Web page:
The Asian Development Bank (ADB) has trimmed growth projection for the region’s developing economies in 2016, amid disappointing growth in the US and short-term impact from the Brexit vote.
Gross domestic product in Asia and the Pacific is now projected to expand 5.6 per cent for the year, down from an initial forecast of 5.7 per cent in March, the Manila-based bank said Monday.
For 2017, the growth projection is unchanged at 5.7 per cent, it said.
“Although the Brexit vote has affected developing Asia’s currency and stock markets, its impact on the real economy in the short term is expected to be small,” ADB chief economist Shang Jin Wei said.
“However, in light of the tepid growth prospects in the major industrial economies, policy makers should remain vigilant and be prepared to respond to external shocks to ensure growth in the region remains robust,” he said.
Growth will be led by South Asia, particularly India, which is expected to grow 7.4 per cent in 2016 and 7.8 per cent in 2017, the bank said in a supplemental report to its annual Asian Development Outlook released in March.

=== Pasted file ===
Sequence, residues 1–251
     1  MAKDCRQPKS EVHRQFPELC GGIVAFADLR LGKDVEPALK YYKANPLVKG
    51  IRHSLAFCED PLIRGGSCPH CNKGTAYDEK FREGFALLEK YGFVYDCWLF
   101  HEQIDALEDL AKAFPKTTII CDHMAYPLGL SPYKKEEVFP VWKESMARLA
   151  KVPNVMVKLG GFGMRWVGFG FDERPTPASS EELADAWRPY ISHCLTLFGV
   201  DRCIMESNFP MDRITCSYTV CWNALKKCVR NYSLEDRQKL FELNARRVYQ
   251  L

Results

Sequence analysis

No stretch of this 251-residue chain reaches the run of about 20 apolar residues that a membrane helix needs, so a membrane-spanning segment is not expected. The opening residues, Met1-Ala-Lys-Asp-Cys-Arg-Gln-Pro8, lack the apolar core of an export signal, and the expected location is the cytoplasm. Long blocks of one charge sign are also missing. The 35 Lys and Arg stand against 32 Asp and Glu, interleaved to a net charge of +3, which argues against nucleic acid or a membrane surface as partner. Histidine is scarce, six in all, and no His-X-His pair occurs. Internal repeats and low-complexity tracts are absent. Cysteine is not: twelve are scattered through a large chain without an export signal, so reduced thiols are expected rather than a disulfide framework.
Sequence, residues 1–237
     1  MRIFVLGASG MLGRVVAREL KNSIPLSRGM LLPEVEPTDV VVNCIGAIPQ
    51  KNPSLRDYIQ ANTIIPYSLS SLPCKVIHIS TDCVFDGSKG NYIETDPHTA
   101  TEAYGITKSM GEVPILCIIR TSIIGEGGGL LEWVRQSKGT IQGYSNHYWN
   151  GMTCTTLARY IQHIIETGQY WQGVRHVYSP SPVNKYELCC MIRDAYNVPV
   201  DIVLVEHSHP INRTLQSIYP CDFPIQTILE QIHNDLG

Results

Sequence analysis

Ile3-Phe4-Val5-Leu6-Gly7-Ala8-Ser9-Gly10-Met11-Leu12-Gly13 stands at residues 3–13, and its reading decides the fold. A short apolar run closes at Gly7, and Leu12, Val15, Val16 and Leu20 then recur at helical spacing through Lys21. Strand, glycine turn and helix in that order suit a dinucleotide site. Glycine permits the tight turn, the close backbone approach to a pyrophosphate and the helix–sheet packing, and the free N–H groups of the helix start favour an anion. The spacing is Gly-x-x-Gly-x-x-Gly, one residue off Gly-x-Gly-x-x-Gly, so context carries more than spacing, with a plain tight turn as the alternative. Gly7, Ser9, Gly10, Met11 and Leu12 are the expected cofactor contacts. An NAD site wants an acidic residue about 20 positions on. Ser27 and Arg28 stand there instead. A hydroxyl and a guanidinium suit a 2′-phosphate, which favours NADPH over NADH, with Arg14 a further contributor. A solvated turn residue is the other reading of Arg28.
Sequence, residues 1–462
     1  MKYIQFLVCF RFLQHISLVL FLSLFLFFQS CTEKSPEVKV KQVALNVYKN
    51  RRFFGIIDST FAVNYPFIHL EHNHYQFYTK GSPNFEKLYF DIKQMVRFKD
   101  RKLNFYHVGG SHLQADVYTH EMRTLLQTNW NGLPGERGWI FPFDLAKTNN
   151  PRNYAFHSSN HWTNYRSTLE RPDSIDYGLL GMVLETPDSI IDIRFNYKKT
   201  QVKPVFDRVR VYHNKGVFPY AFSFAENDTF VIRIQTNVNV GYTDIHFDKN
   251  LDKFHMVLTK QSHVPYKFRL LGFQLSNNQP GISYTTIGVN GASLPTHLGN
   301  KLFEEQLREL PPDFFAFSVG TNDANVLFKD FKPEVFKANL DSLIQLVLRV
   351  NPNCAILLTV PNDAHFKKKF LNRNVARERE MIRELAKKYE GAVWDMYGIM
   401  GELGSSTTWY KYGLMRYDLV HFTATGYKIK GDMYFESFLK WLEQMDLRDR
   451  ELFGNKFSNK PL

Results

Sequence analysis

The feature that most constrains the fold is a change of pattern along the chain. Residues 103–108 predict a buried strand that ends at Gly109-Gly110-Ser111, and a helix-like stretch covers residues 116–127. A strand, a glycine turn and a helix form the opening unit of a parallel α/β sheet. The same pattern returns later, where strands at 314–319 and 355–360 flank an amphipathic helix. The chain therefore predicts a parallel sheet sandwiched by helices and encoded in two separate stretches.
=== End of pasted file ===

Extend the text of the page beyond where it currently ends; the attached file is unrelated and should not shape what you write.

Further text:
China is on track to meet forecast growth of 6.5 per cent in 2016 and 6.3 per cent in 2017, the report added.
The report projects higher inflation for developing Asia to come in at 2.8 per cent for 2016 and 3 per cent for 2017 – both up 0.3-percentage points from the previous forecasts.
“The rise is due largely to a recovery in oil and food prices,” the bank said, noting that oil prices rebounded from lows earlier in the year and food prices rose nearly 9 per cent in June for the fifth consecutive month.
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